By Mike Phipps
Research from the free market Institute of Economic Affairs (IEA) confirms younger people are hostile to capitalism and hold positive views of socialist alternatives.
A Forefront Market Research poll commissioned by the IEA of just under 2,000 people aged between 16 and 34 in the UK, carried out between February and March 2021, found that:
- 67 per cent say they would like to live in a socialist economic system.
- 75 per cent agree with the assertion that climate change is a specifically capitalist problem.
- 78 per cent blame capitalism for Britain’s housing crisis.
- 72 per cent support the (re-)nationalisation of various industries such as energy, water and the railways.
- 72 per cent believe that private sector involvement would put the NHS at risk.
- 75 per cent agree with the statement that “socialism is a good idea, but it has failed in the past because it has been badly done”.
It’s not just socialist policies that are popular. Socialist values also trump those of capitalism.
- 71 per cent agree with the idea that capitalism fuels racism.
- 73 per cent agree it fuels selfishness, greed and materialism, while a socialist system would promote solidarity, compassion and cooperation.
The research, entitled Left Turn Ahead? was authored by the IEA’s Head of Political Economy Dr Kristian Niemietz. It analyses the economic attitudes of Millennials and Generation Z towards socialism and capitalism.
It finds that young people associate ‘socialism’ predominantly with positive terms, such as ‘workers’, ‘public’, ‘equal’ and ‘fair’. Very few associate it with ‘failure’. Capitalism, meanwhile, is predominantly associated with terms such as ‘exploitative’, ‘unfair’, ‘the rich’ and ‘corporations’.
The report’s summary findings are revealing. Far from young people being politically disengaged or apathetic, “the rise of mass movements such as Black Lives Matter, Extinction Rebellion, the ‘Greta Thunberg movement’ and Momentum, together with the ‘campus culture wars’, have turned perceptions upside down.“ Millennials today are hyper-politicised and their attitudes are increasingly extending to the first cohorts of the subsequent generation, ‘Generation Z’.
Dr Kristian Niemietz says of his report: “These results show that ‘Millennial Socialism’ is not just a social media hype, and it was not just a passing fad which ended with Jeremy Corbyn’s resignation. This is a long-term shift in attitudes, which is not going to go away on its own.”
“if these trends continue,” says the report, “then in the future these views will become the mainstream views of the population as a whole.”
To those who say that young people will grow out of these views, Niemietz responds flatly: “This is simply not borne out by the data.”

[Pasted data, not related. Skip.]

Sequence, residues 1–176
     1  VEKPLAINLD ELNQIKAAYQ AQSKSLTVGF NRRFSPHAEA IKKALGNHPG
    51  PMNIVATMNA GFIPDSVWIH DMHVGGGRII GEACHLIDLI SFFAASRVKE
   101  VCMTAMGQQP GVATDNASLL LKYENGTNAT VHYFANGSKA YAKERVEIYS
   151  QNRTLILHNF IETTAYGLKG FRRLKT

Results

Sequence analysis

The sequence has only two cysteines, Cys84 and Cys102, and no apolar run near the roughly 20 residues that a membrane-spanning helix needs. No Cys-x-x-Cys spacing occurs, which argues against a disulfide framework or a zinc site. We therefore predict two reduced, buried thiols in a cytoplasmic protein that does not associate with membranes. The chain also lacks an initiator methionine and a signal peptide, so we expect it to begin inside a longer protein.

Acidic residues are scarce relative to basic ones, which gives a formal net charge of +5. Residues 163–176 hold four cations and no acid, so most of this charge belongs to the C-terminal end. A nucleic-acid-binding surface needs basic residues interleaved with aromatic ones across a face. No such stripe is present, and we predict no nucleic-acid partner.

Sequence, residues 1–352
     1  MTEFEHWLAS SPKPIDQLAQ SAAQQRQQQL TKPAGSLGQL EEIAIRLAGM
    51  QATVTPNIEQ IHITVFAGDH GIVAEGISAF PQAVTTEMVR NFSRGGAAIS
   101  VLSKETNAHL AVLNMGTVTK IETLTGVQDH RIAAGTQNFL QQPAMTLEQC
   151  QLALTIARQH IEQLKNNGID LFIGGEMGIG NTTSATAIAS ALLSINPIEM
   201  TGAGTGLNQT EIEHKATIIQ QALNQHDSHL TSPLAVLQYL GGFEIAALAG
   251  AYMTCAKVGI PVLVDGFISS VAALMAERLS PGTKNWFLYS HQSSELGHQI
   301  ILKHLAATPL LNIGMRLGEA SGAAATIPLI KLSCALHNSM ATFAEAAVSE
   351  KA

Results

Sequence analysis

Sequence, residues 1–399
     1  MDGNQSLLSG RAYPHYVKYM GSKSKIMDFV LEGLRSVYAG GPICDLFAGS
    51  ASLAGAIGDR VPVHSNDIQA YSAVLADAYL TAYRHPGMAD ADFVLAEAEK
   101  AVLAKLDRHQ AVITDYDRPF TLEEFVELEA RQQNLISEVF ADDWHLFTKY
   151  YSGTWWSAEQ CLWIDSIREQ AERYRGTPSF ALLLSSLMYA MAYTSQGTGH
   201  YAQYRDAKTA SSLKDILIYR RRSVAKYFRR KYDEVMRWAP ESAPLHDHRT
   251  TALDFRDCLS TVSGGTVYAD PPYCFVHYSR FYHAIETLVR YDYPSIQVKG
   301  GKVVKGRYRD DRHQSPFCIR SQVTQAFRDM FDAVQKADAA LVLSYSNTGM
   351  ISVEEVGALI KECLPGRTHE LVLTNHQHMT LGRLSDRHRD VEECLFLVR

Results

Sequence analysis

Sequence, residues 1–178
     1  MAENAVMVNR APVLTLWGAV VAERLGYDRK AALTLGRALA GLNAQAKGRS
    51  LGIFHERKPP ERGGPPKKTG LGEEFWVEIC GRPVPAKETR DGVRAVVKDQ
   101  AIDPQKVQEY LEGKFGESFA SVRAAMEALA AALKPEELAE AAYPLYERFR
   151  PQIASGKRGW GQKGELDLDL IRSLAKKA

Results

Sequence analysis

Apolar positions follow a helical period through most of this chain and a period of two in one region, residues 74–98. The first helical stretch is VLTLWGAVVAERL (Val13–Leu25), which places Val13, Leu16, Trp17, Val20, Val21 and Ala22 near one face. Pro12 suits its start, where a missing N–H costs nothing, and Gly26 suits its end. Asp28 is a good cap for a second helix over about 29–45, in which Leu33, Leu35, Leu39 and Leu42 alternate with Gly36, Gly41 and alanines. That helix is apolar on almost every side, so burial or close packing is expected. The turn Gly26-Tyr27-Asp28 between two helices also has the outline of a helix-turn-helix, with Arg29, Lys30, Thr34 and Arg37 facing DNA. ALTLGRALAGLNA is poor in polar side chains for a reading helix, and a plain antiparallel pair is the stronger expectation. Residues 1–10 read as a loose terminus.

To reassure the sponsors of the research, however, he concludes: “None of our results mean that supporters of capitalism should throw in the towel, concede defeat in the battle of ideas and just accept that the future belongs to socialism. But it does suggest that they should take ‘Millennial Socialism’ far more seriously than they currently do. They should treat it as a challenge and engage with it, rather than dismiss it or deny it exists.”
Keir Starmer might also want to reflect on these findings. He badly misread the Black Lives Matter movement, describing it as a “moment” – although he later admitted he regretted his words – prompting singer and prominent Labour activist Jermaine Jackman to retort that Starmer had “never really cared about us or our voice”.
Starmer should also recognise that young socialist-leaning voters are not guaranteed to stick with Labour post-Corbyn. The idea that they are ‘in the bank’ while the Party chases more socially conservative voters by emphasising on patriotic values is already being challenged in the south by a rising vote for the Greens.
Nor will young voters feel encouraged by attempts to retreat from previous manifesto attempts to help renters, scrap tuition fees or commit serious money to a green new deal. The Labour leadership should weigh this report carefully when it considers which voters need to be won over at the next general election.
Mike Phipps is editor of the Iraq Occupation Focus e-newsletter, available at https://lists.riseup.net/www/info/iraqfocus. His book For the Many: Preparing Labour for Power was published by OR Books in 2018.
Image: https://www.thebluediamondgallery.com/handwriting/m/market-research.html. Author: Nick Youngson – link to – http://www.nyphotographic.com/. Attribution: Alpha Stock Images – http://alphastockimages.com/.License: Creative Commons 3 – CC BY-SA 3.0
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